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Côtes de Bordeaux Emerges As Entry Point For Bordeaux Drinkers In The U.S. Market

July 7, 2017

After years of difficulty, Bordeaux wines are back on the rise in the U.S. market—increasing 6% to 2.1 million cases in 2016, according to Impact Databank—and accessibly-priced offerings retailing from $10-$20 a bottle are making inroads as an entryway to the prestigious French category for younger consumers. Among the appellations driving gains at Bordeaux’s entry level is the Côtes de Bordeaux, whose U.S. sales have increased by nearly 60% over the past five years, to about 125,000 cases.

“The U.S. is a mature market, but consumers are looking for discovery wines, and that’s how we’re positioning Côtes de Bordeaux,” says Patricia Zabalza, the appellation’s director. “We think of it as ‘Bordeaux in jeans.’ Five years ago the U.S. comprised 4% of our exports—now it’s at 10%. We expect to continue growing by about 10% in the U.S. market this year.”

Formed in 2009, the Côtes de Bordeaux is made up of five sub-appellations: Blaye, Cadillac, Castillon, Francs and newcomer Sainte-Foy, which joined the group late last year. Blaye, located in the north of Bordeaux’s Right Bank, accounts for about half of the collective’s 5.6-million-case production, but Cadillac and Castillon have been especially successful in the U.S. Castillon benefits from its location adjacent to St. Emilion, many of whose producers are also active in Castillon itself. Red blends—largely based on Merlot—are predominant across each of the sub-appellations, although Blaye, Francs and Sainte-Foy also produce dry whites made from Bordeaux’s classic Sauvignon Blanc and Semillon varietals.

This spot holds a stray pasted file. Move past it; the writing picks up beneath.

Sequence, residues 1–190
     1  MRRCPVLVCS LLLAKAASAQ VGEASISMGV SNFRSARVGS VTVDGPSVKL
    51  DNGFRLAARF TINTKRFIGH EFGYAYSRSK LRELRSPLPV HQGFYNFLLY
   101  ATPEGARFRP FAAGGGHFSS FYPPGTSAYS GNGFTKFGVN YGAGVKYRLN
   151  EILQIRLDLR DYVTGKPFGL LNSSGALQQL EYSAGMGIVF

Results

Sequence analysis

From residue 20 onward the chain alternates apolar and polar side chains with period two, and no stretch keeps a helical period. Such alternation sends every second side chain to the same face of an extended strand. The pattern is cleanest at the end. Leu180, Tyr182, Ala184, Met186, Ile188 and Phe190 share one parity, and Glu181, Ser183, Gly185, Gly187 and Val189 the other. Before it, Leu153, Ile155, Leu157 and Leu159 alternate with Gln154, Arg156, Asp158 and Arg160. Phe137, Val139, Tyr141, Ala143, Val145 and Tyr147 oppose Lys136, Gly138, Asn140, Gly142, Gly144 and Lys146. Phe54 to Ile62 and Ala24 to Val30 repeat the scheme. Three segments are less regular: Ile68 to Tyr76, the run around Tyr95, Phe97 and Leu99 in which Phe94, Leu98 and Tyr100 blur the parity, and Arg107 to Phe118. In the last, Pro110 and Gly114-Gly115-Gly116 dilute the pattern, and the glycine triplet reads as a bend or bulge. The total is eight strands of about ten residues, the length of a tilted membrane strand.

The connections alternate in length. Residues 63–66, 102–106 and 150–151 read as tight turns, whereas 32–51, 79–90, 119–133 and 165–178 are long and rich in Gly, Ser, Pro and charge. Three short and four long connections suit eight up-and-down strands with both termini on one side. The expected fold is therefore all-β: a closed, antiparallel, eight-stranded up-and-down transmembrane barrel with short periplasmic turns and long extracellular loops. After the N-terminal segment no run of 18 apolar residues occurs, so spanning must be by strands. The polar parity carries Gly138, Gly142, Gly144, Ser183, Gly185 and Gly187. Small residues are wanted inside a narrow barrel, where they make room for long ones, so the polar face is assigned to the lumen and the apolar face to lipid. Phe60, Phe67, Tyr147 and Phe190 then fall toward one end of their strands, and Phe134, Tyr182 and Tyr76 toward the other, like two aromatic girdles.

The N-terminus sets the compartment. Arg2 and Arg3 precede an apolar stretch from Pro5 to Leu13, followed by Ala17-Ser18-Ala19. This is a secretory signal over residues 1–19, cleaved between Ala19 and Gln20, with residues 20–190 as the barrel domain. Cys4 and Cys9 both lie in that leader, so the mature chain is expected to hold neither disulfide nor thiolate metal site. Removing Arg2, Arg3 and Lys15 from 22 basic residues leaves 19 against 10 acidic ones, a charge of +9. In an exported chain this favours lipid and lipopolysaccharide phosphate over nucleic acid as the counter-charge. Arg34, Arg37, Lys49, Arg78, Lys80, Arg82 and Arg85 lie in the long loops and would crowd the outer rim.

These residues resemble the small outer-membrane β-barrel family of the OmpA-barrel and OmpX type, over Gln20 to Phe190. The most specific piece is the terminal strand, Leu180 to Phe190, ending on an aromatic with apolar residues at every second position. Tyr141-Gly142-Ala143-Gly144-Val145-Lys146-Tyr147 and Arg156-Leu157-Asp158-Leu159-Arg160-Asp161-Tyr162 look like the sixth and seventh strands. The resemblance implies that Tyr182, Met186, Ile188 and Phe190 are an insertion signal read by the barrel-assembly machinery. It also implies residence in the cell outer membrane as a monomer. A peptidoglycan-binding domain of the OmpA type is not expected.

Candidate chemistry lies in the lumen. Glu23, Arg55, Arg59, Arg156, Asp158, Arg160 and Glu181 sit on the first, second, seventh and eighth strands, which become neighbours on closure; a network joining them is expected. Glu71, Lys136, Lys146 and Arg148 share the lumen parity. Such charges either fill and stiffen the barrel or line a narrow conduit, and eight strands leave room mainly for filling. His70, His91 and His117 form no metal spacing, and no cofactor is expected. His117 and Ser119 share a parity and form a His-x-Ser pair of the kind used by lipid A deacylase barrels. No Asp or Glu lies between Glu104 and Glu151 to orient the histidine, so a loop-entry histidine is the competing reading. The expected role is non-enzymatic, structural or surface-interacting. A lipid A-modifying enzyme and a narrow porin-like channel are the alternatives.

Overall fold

While the Côtes de Bordeaux has enjoyed strong progress from a small base in its short history—carving out a presence mainly in key East Coast markets like Boston and New York—Zabalza notes that plenty of challenges remain. Among them, the appellation’s 1,000 mostly family-owned vintners must navigate the crowded and competitive U.S. imported wine category and enhance their marketing activities while also maintaining winery operations back home. Still, global as well as U.S. progress is ongoing—the Côtes de Bordeaux’s exports are now 20% of total sales, up from 10% eight years ago—and with accessible Bordeaux bottlings gaining traction in the U.S., that expansion seems likely to continue. —Daniel Marsteller

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